Medicare patients may soon discover they won’t be able to see a doctor when they need one.
A report by Frazier and Foster (2009) examine how difficult it is for Medicare beneficiaries in Alaska to find a primary care doctor.
“About 85% [of primary-car doctors in Alaska] choose the standard Medicare process (“participating”). Another 4% still work with the Medicare system but charge patients somewhat more (“non-participating”). The final 11% have opted out of the Medicare system , but will still see patients who agree to foot the bill.”
In Anchorage, however, fewer than three out of every four doctors accepts Medicare patients and only 13 percent of Anchorage primary care physicians accept new Medicare patients.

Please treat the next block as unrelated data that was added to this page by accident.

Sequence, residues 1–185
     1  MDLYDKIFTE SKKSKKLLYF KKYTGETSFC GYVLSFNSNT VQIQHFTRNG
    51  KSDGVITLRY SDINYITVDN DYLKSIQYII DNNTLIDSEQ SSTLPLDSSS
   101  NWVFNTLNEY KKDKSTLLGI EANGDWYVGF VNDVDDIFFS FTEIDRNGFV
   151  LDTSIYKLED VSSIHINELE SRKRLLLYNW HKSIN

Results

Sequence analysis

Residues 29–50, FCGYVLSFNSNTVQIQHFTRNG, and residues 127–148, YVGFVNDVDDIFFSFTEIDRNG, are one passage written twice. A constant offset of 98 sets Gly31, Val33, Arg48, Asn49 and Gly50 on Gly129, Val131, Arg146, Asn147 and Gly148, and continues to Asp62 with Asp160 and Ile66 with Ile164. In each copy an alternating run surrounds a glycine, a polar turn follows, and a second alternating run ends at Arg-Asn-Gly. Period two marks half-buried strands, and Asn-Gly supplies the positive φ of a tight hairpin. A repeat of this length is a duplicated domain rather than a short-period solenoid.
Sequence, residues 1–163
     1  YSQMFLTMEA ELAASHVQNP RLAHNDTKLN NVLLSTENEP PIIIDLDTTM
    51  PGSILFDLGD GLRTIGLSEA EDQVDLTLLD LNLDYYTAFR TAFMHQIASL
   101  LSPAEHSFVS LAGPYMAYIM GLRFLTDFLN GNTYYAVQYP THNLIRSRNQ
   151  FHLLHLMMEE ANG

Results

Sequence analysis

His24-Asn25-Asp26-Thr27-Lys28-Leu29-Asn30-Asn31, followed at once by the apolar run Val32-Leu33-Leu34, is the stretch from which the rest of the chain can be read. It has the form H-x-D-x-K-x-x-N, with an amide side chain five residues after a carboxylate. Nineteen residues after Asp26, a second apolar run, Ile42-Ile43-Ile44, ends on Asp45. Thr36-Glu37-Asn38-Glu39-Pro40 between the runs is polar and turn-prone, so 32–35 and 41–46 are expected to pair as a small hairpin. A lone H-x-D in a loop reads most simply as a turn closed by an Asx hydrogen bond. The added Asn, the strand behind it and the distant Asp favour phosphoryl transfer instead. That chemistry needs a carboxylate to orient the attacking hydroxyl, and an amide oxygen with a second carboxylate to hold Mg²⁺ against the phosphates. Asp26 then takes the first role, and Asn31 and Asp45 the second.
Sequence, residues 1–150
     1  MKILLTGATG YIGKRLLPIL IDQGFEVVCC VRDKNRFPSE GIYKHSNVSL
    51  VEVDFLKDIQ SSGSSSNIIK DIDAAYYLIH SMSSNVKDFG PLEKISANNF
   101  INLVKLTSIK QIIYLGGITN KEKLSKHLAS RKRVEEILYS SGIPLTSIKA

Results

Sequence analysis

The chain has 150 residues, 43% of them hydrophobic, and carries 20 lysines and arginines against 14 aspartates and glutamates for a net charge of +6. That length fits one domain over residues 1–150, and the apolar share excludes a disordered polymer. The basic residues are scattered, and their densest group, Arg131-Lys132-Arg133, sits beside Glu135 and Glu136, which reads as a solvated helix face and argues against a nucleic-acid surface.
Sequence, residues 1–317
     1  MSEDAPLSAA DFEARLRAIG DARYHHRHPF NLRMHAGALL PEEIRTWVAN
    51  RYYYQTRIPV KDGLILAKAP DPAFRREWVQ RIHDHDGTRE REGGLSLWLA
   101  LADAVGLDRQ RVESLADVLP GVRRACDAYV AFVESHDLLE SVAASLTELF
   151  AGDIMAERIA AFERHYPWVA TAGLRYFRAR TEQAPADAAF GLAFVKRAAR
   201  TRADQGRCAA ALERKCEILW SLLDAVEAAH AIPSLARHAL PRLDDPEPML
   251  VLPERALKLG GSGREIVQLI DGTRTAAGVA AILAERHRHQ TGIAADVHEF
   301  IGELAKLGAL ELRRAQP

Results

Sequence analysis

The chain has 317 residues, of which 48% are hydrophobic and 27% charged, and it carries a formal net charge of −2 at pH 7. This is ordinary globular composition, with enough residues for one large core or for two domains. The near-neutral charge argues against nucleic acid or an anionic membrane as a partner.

Healthcare Economist, “If you have Medicare, will your doctor refuse to treat you?”, August, 2012
Seniors in Georgia with original Medicare and a Medicare supplement plan have a much easier time of finding doctors willing to treat Medicare patients than those who have a Medicare Advantage plan. Are you paying too much for your Medigap plan? Georgia Medicare Plans offers free instant quotes for Medicare supplement insurance.